Spiritual Formation Director
Ministering In a Pandemic
In March, our staff exchanged our daily commutes for a few steps down the hallways of our homes to utilize various forms of technology to connect with students, most now-dispersed across the country. Weekly gatherings with small group leaders, a women’s support group, and biweekly discipleship groups once held around a table became relegated to Zoom meetings, screens of familiar faces gridded in Brady Bunch fashion. Sunday services were pre-recorded by homebound staff and edited together as Living Room Sessions made available on YouTube so that our congregation might gather for communal worship with their families or “quaranteams”—or virtually with friends. Facebook Live became the format for Senior EXIT, and both FaceTime and phone calls became the new norm for one-on-one discipleship and counseling.
Though technology has allowed us to stay connected in remarkable ways that wouldn’t have been possible even 10 years ago, this “new normal” has presented its challenges. Our valiant attempts to host interactive services can translate to “watching church on television,” and even the best Zoom meeting is fraught with the frustration of internet glitches and other inherent limitations. Gone are casual conversations by seat neighbors and the chatting of friends as they stroll into or out of our building. Instead, group members sit politely at computers with muted microphones, navigate awkward silences, and experience more of a moderated approach to conversation than lively and organic communication. Staff’s most heartfelt words of blessing to seniors over the internet aren’t the same as gathering for a shared meal and the laying on of hands in prayer as we send them out; and even the most emotionally-attuned digital presence with a grieving student doesn’t feel the same as shared-space embodiment and a hand on the shoulder. To top it off, the many hours
spent in video meetings can lead to a very real level of screen fatigue. It would seem our best efforts can feel costly and often less fulfilling.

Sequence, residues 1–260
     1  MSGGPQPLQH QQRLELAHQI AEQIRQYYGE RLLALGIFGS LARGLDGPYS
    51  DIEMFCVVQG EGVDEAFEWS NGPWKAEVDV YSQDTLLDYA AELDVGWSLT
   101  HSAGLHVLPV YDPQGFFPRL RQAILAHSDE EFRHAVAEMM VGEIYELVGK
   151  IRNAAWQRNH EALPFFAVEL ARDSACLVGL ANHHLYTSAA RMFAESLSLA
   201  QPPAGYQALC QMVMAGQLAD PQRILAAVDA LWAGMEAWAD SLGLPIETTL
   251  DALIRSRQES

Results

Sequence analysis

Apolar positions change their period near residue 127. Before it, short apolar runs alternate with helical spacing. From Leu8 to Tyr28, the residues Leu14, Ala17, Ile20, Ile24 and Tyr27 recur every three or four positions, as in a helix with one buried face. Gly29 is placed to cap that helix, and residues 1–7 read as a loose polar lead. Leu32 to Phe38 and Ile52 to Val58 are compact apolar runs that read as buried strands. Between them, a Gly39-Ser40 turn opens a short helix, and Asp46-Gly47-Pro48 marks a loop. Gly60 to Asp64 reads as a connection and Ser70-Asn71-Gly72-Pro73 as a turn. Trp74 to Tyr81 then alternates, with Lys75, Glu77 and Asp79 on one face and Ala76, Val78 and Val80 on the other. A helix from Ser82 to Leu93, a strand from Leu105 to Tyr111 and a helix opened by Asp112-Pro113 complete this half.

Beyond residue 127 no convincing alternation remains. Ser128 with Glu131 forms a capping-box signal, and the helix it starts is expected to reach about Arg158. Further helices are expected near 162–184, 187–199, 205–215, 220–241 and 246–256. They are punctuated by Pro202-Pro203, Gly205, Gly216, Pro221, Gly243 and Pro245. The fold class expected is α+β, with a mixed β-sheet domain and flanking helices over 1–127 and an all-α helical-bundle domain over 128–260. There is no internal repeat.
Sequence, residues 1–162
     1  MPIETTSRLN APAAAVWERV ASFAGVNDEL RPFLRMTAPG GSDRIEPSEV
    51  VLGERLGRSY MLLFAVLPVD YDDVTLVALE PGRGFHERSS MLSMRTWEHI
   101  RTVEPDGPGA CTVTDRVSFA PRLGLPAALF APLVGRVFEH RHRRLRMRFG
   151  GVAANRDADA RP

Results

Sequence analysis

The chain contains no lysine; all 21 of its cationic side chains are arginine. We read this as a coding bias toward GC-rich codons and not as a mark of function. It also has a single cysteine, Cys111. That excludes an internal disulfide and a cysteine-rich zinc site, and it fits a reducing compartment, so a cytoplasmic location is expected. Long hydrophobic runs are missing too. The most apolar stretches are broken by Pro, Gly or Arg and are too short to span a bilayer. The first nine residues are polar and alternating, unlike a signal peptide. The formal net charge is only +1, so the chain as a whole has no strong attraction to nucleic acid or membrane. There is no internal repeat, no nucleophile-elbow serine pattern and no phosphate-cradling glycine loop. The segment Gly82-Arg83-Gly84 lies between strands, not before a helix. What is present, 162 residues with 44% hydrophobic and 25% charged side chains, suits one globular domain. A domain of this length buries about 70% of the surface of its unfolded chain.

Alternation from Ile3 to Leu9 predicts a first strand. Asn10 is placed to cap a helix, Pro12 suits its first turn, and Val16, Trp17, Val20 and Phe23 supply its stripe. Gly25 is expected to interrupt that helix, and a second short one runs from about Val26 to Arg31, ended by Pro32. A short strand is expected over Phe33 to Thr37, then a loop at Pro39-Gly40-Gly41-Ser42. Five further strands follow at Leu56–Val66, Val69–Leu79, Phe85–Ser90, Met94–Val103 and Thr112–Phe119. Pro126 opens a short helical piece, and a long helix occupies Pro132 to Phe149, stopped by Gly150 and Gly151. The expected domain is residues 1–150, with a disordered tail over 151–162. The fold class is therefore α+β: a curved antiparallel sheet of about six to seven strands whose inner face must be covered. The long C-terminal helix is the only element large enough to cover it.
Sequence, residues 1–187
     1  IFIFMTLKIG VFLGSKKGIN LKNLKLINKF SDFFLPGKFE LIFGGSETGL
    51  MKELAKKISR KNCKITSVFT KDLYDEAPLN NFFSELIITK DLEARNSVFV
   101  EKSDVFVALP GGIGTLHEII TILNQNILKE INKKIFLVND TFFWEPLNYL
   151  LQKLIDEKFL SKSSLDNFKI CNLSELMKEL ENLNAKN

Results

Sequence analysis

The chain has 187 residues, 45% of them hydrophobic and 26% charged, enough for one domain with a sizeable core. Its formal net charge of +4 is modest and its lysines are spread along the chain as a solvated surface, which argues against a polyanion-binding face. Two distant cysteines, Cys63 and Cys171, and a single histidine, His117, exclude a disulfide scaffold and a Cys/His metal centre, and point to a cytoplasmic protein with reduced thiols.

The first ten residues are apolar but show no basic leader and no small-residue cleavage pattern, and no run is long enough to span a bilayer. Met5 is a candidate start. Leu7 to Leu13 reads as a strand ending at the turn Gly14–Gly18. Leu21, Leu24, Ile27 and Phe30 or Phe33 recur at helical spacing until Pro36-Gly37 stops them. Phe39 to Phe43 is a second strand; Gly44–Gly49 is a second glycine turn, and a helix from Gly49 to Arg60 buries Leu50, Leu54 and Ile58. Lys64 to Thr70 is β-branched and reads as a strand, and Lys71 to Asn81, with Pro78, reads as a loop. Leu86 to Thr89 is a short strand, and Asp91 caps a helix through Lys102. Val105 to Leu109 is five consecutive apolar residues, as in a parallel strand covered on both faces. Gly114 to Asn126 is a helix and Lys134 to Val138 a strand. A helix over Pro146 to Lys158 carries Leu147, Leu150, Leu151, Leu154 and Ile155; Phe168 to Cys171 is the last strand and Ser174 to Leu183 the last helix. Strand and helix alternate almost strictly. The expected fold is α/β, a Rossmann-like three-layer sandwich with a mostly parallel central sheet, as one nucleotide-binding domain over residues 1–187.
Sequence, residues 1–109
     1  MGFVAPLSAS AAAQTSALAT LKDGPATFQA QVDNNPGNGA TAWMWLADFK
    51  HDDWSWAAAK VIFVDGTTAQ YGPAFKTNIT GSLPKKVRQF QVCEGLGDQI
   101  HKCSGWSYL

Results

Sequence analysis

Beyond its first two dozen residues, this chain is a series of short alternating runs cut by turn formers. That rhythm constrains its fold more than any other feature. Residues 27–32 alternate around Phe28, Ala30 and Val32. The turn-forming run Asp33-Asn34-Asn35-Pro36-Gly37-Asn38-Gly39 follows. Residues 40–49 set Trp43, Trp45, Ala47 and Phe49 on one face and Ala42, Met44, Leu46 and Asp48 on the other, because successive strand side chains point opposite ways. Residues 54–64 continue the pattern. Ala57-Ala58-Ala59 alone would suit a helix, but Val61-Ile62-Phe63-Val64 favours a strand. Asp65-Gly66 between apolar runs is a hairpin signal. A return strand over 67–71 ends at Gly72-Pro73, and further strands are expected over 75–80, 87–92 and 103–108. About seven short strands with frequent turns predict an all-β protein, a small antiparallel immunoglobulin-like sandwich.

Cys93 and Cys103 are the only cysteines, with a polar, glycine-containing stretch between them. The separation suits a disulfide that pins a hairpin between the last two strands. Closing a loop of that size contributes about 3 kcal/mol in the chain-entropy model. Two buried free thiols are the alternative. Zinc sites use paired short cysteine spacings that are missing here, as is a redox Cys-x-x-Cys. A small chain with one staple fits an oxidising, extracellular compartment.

Yet, God has allowed this time and these circumstances, and He is not limited by anything that limits us. “In all things God works for the good of those who love him” (Rom. 8:28), so there have been gifts. Many students’ schedules opened, uncovering newfound space and desire for true connection with God and others. Some students are engaging new rhythms of “abiding” practices—more regular time in the Word and stillness as they seek to grow in knowing God and listening to His voice. A group of women who struggle with sexual addiction continue to meet weekly to encourage one another in the Gospel and share accountability, confession, and
“God has allowed this time and these circumstances, and He is not limited by anything that limits us.”
intercession. A few students are practicing more curiosity with the Lord about their stories with a desire to understand, heal, extend forgiveness, and repent of self-protective behaviors. Lonely international students have been open to care and friendship, and there have been a few opportunities for staff to meet with students at our homes. Whether “distanced” on a front porch or a walk, these are sweet reunions, sometimes with the added joy of introducing disciples to neighbors—a blending of worlds and a mingling of prayers for friends to know Jesus.
God is still at work in this time; please pray that we would follow Him in it!